Surface Area of Hemisphere=32×4��2=3��2Surface Area of Hemisphere= 3/2×4πr2=3πr2

  • Let us take a sphere, and slice it exactly through the middle with a plane that passes through its center. 
  • It gets divided into two equal parts. It is called the Hemisphere.
    (Because 'hemi' also means 'half') Hemisphere: It has two faces one is a curved face and the other is a flat face (base).
  • The curved surface area of a hemisphere is half the surface area of the sphere,
    which is 1/2  ×4πr2 .

Therefore, 

Curved Surface Area of a Hemisphere = 2πr2

Where r is the radius of the sphere of which the hemisphere is a part.
Now taking the two faces of a hemisphere, its total surface area is 2πr2 + πr2.
So, the Total surface area of a hemisphere = 3 πr2.

Example: Find the curved surface area and the total surface area of the half slice of watermelon of radius 7 cm.

Surface Area and Volumes Class 9 Notes Maths Chapter 12

Clearly, half a slice of watermelon is in the form of a hemisphere.
Here, the radius of the hemisphere is 7 cm.
We know that,
The curved surface area of the hemisphere =2πr2.
Therefore, the Curved surface Area of half a slice of watermelon =2πr2.
= 2 × 22/7  × (7 cm)2.
= 2 × 22/7 × 7cm × 7 cm.
= 2 × 22 × 1cm × 7 cm.
= 308 cm2.
Hence, Curved Surface area of half a slice of watermelon is 308 cm2.
Also, we know that
The total surface area of hemisphere = 3πr2.
So, the total surface area of half a slice of watermelon = 3πr2.
= 3 ×227× (7 cm)2.
= 3  × 22/7 × 7cm × 7 cm
= 3 × 22 × 1cm × 7 cm.
= 462 cm2.
Hence, the total surface area of half slice of watermelon = 462 cm2.

What is Volume?

Volume refers to the amount of space occupied by a three-dimensional object. It is a measure of how much "stuff" or substance an object can hold. The concept of volume is often applied to various geometric shapes, such as cubes, spheres, cylinders, and cones. 

Volume of a Cone

The volume (V) of a cone is calculated using the formula:

�=13��2ℎV= 1/3πr2h

Here, r is the base radius, and h is the height of the cone.

Example:

Given the height (h) and slant height (l) of a cone as 21 cm and 28 cm respectively, find the volume.

Solution:  Slant height (l) = 28cm; Height of cone (h) = 21cm  ;    Let radius of cone = r cm  
we know that, 

Surface Area and Volumes Class 9 Notes Maths Chapter 12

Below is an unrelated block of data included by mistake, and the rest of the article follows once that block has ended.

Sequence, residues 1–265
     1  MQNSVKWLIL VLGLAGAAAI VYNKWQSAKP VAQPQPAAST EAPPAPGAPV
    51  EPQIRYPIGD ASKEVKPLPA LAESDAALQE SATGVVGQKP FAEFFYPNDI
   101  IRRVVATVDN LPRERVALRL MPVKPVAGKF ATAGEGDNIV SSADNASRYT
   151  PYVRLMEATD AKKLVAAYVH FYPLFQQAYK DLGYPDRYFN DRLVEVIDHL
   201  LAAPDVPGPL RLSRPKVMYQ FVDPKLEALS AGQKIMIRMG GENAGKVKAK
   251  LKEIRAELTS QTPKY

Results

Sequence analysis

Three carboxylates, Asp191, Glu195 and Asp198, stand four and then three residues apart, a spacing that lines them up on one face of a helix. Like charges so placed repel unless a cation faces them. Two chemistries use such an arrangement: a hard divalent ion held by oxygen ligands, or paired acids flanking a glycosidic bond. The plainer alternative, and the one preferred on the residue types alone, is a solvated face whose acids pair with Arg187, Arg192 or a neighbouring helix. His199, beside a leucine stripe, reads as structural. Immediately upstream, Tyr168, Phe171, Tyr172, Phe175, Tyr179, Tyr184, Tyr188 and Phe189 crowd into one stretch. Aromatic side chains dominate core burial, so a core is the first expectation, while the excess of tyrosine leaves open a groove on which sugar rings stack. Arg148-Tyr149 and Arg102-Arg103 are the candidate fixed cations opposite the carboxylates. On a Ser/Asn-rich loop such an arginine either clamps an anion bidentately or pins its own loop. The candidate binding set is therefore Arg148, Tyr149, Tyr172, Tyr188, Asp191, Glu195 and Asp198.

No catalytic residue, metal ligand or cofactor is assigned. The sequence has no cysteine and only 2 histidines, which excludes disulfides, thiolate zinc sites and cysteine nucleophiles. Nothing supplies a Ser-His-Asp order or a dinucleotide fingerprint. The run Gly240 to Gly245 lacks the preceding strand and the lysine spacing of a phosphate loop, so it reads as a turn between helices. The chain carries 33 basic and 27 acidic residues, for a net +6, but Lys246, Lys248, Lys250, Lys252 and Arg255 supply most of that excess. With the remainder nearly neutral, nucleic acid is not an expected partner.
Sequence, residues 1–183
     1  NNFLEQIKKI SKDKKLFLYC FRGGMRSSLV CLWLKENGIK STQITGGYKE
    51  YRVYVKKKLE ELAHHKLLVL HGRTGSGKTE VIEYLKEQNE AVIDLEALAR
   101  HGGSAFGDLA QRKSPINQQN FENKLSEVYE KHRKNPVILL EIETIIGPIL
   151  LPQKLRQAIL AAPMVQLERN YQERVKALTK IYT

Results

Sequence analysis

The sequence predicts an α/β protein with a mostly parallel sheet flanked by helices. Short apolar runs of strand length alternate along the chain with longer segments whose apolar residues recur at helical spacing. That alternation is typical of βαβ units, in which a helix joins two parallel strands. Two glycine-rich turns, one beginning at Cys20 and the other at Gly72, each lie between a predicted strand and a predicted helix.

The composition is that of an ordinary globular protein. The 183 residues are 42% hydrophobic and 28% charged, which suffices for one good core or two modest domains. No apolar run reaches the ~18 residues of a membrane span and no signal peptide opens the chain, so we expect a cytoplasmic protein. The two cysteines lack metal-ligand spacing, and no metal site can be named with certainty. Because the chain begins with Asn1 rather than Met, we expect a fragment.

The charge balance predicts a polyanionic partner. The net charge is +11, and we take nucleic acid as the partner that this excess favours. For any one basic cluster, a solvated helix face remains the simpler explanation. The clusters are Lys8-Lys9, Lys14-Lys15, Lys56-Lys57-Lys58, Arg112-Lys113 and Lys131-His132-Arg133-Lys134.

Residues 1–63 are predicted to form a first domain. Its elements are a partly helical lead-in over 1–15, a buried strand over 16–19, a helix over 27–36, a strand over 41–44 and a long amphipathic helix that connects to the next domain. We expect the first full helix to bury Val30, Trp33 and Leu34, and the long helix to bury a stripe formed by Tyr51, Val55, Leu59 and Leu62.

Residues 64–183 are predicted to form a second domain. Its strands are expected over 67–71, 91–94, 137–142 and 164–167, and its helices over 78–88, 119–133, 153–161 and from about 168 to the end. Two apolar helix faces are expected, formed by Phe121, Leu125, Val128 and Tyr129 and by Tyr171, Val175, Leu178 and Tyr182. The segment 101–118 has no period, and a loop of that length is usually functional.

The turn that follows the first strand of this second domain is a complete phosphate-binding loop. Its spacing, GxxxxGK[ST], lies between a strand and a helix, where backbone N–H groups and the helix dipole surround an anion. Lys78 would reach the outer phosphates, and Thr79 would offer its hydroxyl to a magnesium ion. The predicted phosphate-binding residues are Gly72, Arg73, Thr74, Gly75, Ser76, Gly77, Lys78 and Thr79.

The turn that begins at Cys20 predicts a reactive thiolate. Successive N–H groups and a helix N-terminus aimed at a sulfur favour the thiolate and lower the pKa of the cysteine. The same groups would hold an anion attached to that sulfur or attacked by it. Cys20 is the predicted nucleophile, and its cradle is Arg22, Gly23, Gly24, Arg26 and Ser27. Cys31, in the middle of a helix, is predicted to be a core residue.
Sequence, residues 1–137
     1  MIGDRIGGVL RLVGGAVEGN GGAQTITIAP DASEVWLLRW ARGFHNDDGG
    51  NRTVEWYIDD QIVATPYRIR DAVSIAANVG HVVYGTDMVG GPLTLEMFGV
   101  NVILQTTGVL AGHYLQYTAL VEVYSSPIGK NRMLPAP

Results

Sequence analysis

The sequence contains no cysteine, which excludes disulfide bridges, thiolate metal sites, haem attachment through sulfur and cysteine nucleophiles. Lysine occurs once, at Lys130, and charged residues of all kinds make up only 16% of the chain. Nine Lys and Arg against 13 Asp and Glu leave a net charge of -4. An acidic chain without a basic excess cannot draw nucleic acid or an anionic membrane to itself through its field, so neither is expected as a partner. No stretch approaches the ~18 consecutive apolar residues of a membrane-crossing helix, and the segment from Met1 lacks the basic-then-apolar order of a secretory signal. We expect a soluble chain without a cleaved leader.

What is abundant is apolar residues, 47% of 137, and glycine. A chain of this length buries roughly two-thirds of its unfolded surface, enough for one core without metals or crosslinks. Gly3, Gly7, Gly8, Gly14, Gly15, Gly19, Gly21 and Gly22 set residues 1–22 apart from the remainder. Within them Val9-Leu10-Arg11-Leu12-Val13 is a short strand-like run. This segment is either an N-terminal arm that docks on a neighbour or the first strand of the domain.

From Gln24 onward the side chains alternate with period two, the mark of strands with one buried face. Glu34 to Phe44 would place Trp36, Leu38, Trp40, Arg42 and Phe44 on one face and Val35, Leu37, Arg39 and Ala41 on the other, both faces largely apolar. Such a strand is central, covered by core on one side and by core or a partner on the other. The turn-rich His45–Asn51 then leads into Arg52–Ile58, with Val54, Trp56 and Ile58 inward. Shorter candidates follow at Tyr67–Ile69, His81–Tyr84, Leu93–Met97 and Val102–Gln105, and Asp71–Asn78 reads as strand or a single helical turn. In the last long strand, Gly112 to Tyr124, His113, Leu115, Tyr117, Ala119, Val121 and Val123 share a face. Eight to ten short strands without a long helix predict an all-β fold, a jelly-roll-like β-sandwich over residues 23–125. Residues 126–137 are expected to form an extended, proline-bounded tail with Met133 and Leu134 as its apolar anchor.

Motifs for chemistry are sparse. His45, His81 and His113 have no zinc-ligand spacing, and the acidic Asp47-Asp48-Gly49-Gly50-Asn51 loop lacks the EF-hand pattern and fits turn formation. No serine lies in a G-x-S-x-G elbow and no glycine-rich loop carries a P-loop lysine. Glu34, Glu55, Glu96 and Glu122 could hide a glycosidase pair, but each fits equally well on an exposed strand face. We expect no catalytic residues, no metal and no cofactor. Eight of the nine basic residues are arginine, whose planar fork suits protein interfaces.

Surface Area and Volumes Class 9 Notes Maths Chapter 12


Volume of a Sphere

The volume (V) of a sphere is given by the formula:

�=43��3V= 4/3 πr3

Here, r is the radius of the sphere.

Example:

Find the volume of a sphere with a radius of 11.2 cm.

Solution: �=43��3=43×227×11.2×11.2×11.2 cm3=5887.32 cm3

Surface Area and Volumes Class 9 Notes Maths Chapter 12

Question for Chapter Notes: Surface Area & Volumes
Try yourself:What is the formula for calculating the curved surface area of a cone?
View Solution

Volume of a Hemi-Sphere

The volume of a hemisphere, being half of a sphere .

The volume (V) of a hemisphere (half of a sphere) can be calculated using the formula:

�=23��3V= 2/3πr3

where:

  • r is the radius of the hemisphere, and
  • π is a mathematical constant approximately equal to 3.14159.

Example: A particular dome of a building is in the shape of a hemisphere. From inside, it was white-washed at the price of Rs. 4989.60. If the cost of white-washing is Rs 20 per square metre, find the

(i) The required inside surface area of the dome 

(ii) The volume of the air inside the dome

Solution: (i) The cost of white-washing the dome from inside = Rs 4989.60

Cost of white-washing 1m² area = Rs 20

The curved surface area of the inner side of the dome = 498.96/2 m² = 249.48 m²

(ii) Let the required inner radius of the hemispherical dome be r.

Curved Surface Area of the inner side of dome = 249.48 m² (from (i))

Formula to find CSA of a hemisphere = 2πr²

2πr = 249.48

2×(22/7)×r² = 249.48

r² = (249.48×7)/(2×22)

r² = 39.69

r = 6.3

So, the radius is 6.3 m

The volume of air inside the given dome = Volume of hemispherical dome

Using the formula, the volume of the hemisphere = 2/3 πr³

= (2/3)×(22/7)×6.3×6.3×6.3

= 523.908

= 523.9(approx.)

 The required volume of air inside the dome is 523.9 m³.

The document Surface Area and Volumes Class 9 Notes Maths Chapter 12 is a part of the Class 9 Course Mathematics (Maths) Class 9.
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FAQs on Surface Area and Volumes Class 9 Notes Maths Chapter 12

1. What is the formula for finding the surface area of a cone?
Ans. The formula for finding the surface area of a cone is A = πr(r + l), where r is the radius of the base and l is the slant height.
2. How do you calculate the volume of a sphere?
Ans. The formula for finding the volume of a sphere is V = 4/3πr^3, where r is the radius of the sphere.
3. What is the surface area of a hemisphere?
Ans. The surface area of a hemisphere is half the surface area of a full sphere, given by the formula A = 2πr^2, where r is the radius of the hemisphere.
4. How can you find the volume of a cone?
Ans. The formula for finding the volume of a cone is V = 1/3πr^2h, where r is the radius of the base and h is the height of the cone.
5. What is the surface area of a sphere?
Ans. The surface area of a sphere is given by the formula A = 4πr^2, where r is the radius of the sphere.